Tuesday, June 23, 2009

Should cities be allowed to regulate greenhouse gas emissions?

A federal judge has ruled that New York City cannot require taxi operators to drive hybrids. (Never mind that there aren't enough hybrids for the entire fleet to comply with the city ordinance.) The judge affirmed that the U.S. government alone has the authority to regulate gas mileage and engine emissions. This is a bad ruling as it limits policy innovation since the city was only requiring a shift towards existing technologies and not new technologies. Most states and cities are too small to have enough market power to change auto companies ways, but New York City is sufficiently large and can act as a laboratory for innovative transportation policies. (Los Angeles and California are also laboratory opportunities for policy innovation using existing technologies.)

Greenhouse gas emissions are certainly a global concern, but particulate matter, noise pollution and other direct effects of gasoline engines are strictly local concerns and should be regulated locally. I wonder if the Mayor required that taxis operated quietly would pass muster legally. Certainly the city ought to be able to regulate particulate matter that causes asthma and other respiratory problems.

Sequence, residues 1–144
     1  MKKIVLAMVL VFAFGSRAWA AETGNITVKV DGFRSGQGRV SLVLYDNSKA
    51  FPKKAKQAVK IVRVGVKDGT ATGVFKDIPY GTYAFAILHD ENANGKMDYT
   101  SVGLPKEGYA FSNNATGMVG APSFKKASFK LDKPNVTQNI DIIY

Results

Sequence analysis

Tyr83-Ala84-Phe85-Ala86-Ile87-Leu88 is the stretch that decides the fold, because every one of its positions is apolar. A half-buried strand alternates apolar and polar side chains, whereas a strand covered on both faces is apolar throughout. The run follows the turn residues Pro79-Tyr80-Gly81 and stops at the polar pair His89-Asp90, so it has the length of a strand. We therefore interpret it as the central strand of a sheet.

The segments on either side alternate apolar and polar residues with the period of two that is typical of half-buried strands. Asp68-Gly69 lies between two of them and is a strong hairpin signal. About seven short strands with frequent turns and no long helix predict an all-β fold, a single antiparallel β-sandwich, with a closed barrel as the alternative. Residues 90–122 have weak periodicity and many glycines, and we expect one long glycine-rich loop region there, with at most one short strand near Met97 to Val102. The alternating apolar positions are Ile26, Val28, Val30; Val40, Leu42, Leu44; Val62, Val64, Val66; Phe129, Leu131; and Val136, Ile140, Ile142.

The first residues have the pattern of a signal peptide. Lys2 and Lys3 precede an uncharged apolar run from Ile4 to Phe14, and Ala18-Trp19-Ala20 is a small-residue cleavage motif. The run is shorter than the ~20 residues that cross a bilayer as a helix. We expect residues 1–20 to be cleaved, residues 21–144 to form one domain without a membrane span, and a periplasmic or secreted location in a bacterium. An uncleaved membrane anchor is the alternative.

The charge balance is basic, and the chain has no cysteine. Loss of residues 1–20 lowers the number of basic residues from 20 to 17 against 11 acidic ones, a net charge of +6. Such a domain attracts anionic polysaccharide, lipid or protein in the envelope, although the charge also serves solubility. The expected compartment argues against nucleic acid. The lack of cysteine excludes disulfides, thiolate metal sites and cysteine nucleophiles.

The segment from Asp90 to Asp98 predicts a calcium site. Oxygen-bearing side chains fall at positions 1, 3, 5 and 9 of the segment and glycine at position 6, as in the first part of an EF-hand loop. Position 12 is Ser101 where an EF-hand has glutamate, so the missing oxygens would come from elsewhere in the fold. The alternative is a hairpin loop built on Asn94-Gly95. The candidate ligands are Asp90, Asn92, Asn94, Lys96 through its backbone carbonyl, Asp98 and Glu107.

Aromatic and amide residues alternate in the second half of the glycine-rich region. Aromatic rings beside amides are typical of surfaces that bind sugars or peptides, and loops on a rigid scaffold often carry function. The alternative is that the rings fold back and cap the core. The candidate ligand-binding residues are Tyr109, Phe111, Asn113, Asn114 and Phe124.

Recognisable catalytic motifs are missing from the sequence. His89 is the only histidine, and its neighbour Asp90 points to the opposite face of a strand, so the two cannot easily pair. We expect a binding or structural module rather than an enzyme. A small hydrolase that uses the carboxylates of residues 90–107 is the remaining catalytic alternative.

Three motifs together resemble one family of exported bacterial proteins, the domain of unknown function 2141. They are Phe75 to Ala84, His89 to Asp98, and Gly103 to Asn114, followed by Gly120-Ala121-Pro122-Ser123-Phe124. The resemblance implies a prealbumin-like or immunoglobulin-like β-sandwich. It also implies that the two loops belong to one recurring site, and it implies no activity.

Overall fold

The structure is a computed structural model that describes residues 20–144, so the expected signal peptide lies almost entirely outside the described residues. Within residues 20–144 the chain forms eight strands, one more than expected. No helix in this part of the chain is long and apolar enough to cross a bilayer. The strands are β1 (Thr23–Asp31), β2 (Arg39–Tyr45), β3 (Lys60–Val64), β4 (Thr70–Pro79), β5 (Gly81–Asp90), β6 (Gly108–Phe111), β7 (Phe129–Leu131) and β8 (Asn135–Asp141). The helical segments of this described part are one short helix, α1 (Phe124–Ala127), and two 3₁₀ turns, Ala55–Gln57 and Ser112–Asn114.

If the city is serious about reducing the environmental effects of driving they absolutely should price curb parking at a level that eliminates cruising, which can be as much as 40 percent of traffic in some neighborhoods, and get rid of minimum parking requirements, which incentive driving to work.

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